Just as painters paint and writers write, do waiters wait?
Our first thought is probably of a restaurant waiter, but we likely don't associate their central skillset as waiting, possibly more as serving. In those really posh establishments you actually see a smartly dressed person standing, waiting; waiting to be called to service. Perhaps 'waiting' is the appropriate term here because they would still be fulfilling their role if they waited the entire evening and never had to serve you any extra drinks or clear up after you. Therefore they are more waiters, than servers, they are more the potential of what they are able to do than what they actually do. Interesting.
Imagine if you met someone and they responded to the question,
"What do you do for a living?" with,
"Wait for what?" you'd quite rightly wonder. But then there's no reason they couldn't just reply to that with,
"I never know until I'm called."
"Could be some champagne, some more potatoes, or even to know the latest tennis score."
"Oh right, yes, I see".
The ultimate goal of waiting is to attend such that one's response is both prompt and without preconception. Promptness can very easily be subverted by distraction. Rather than focus our attention on the utterly unpredictable possibilities configured into any given instant of time, we sooner find ourselves living through some daydream, going over some past event or chewing over something that's planned for tomorrow. Whilst preconceptions are useful in the sense that they afford a lessening of the mental powers required to decipher any given request upon our abilities. Your average waiter knows that there's only so many things they can be asked for, tea or coffee, red or white wine for example and are understandably startled when they're asked for a bergamont infusion. However, your above average waiter has a little more familiarity with the unexpected, being of a higher calibre they will treat every request for service with the same careful openness, allowing them to maintain their professional composure at all times. Of course having to treat a call for extra chips with same attention as you would offer to a pregnant, lactose intolerant, diabetic might seem a little overkill, but that's what separates the wheat from the chaff.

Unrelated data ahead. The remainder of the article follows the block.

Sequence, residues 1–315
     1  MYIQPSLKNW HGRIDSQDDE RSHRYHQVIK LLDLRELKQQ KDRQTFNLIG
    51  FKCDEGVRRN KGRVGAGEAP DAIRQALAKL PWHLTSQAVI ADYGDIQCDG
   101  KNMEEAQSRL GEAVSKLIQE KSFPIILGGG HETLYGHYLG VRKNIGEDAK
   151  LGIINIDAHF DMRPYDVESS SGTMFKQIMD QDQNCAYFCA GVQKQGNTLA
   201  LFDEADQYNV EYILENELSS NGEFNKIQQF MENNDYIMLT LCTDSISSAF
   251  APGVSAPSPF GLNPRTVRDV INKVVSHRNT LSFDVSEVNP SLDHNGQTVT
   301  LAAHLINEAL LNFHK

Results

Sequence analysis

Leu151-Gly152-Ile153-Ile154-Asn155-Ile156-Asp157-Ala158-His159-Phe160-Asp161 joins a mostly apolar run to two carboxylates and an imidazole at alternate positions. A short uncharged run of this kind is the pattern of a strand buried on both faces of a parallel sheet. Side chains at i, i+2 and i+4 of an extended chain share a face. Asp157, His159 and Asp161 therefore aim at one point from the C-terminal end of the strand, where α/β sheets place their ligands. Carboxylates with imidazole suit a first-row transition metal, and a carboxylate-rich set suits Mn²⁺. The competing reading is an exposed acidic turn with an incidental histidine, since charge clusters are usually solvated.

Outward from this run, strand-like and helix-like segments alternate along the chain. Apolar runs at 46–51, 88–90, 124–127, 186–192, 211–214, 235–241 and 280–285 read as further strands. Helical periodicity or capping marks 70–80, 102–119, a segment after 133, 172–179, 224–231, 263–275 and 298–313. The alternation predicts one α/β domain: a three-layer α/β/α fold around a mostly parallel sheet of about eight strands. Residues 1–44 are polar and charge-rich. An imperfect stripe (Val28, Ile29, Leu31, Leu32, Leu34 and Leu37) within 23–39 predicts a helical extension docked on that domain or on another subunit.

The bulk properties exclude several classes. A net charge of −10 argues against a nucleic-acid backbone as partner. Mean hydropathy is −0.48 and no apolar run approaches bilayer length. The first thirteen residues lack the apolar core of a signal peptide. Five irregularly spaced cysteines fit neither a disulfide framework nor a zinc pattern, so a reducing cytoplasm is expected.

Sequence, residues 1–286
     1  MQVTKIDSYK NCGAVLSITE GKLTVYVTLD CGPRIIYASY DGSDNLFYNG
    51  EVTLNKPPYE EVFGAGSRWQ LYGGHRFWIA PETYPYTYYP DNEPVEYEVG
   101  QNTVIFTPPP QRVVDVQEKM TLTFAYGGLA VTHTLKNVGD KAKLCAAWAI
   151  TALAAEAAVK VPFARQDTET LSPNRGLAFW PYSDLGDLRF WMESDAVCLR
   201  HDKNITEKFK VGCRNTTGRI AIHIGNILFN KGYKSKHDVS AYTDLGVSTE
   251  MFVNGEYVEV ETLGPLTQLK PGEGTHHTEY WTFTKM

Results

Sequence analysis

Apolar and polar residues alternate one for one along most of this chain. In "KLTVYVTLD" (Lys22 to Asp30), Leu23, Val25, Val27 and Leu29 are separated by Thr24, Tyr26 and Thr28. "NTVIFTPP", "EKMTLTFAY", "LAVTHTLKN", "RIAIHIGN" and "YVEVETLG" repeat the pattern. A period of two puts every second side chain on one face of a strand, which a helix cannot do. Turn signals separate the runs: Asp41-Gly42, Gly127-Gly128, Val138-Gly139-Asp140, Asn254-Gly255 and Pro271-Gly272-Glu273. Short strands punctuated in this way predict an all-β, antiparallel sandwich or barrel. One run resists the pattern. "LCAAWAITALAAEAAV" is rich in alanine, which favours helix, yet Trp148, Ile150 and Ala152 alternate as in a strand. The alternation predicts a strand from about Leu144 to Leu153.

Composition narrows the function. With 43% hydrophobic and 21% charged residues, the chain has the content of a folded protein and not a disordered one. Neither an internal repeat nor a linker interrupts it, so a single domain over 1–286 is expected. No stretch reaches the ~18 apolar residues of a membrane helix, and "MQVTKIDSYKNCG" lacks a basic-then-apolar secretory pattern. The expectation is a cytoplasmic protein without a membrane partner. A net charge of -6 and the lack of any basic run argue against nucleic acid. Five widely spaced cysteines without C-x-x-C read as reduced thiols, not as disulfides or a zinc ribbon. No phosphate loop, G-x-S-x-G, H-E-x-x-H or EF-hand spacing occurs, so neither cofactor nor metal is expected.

So there's more to waiting than meets the eye. It's more than just staring blankly into space whilst you twiddle your thumbs, there's skill to it and some are certainly better at it than others. I think we could learn a lot from waiters, as in how they actualise a skill through the absence of activity rather than the presence of it. That just because we're not singing and dancing doesn't mean that we don't have that potential in us. And just as a good waiter will take satisfaction in a job well done even when they are not called once during a whole day, so too might we remember that tangible results and achievements are not a reflection of sincerely cultivated intentions.